Yann Martel tells the story of a castaway who spends more than 220 days stranded on a lifeboat drifting in the Pacific Ocean. Can a story of castaway keep us glued to the book? The answer is yes because Pi has companions. But they aren't humans, they are animals. Soon, the number of reduces gradually and Pi is only left with a Bengal Tiger. What happens on the lifeboat between the predator and prey is told in the rest of the pages.
Told in three parts - before, during and after the life as a castaway - and in first person narrative, the novel throws a thought provoking look at the harmony of life and perservarance of human spirit. We are all built differently. So naturally, there is an immediate hostility among all the occupants in the life boat. There is a urgency of survival when the overall number drops to two with only Pi and the Bengal tiger. Having worked in a zoo proves a blessing in disguise for Pi. The human spirit prevails. Pi is able to conquer the animal psychologically and soon come to peace with the beast. On a different level, the novel is also an inside look into the psyche of man.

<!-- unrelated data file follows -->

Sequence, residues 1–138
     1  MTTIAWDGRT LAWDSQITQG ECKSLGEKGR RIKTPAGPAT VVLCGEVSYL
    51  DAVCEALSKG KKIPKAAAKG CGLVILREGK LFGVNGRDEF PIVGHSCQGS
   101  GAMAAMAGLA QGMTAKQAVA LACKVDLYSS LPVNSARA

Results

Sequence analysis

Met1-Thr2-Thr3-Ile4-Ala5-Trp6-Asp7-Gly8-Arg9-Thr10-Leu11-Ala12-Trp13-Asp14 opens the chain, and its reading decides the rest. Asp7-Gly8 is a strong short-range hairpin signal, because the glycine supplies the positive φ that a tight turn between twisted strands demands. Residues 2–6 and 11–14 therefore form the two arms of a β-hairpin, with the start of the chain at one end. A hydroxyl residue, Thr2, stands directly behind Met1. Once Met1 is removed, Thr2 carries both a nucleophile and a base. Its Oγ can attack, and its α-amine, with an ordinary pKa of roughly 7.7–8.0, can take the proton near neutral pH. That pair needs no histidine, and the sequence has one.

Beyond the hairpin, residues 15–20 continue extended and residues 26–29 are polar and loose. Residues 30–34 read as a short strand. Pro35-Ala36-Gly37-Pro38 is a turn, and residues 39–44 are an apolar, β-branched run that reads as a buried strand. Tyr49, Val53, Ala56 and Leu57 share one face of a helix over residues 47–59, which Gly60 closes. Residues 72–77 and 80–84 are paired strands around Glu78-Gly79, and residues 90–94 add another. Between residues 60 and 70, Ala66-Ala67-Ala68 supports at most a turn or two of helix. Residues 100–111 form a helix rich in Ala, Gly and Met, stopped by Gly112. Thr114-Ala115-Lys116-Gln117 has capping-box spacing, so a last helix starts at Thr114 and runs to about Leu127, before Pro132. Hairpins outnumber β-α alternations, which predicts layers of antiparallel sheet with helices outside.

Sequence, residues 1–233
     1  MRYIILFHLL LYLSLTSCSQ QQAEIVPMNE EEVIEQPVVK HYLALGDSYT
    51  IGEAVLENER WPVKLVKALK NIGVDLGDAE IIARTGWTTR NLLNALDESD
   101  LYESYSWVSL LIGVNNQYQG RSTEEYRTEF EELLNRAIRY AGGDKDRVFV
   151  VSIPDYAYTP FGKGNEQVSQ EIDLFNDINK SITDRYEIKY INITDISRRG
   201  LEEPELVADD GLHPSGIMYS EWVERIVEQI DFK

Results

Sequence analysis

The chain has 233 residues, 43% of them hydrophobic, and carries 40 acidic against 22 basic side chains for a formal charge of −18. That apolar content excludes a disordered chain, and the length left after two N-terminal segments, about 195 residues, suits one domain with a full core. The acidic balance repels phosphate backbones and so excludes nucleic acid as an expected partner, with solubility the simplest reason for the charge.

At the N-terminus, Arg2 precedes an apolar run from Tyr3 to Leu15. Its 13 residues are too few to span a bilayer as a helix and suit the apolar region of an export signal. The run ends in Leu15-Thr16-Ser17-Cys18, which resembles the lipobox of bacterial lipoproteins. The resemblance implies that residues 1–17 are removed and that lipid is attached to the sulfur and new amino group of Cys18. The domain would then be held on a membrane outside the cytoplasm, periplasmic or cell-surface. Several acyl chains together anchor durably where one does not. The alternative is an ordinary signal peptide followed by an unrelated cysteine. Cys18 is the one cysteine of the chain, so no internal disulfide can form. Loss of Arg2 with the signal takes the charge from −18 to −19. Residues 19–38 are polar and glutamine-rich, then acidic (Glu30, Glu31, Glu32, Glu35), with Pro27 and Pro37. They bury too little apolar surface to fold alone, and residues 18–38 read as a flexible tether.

I like books in the first person narrative. It puts you in the shoes of the protagonist. The language is easy to understand even though some of Pi's thoughts are absurd. This is justified as Pi is an young boy. Towards the end of castaway days, Pi starts hallucinating and crosses between real and unreal world. This is where the novel becomes heavy.
This book will emotionally drain you. It will also make you think about life and choices. Be ready for it if you are picking this one up.
Tags: Books,Yann Martel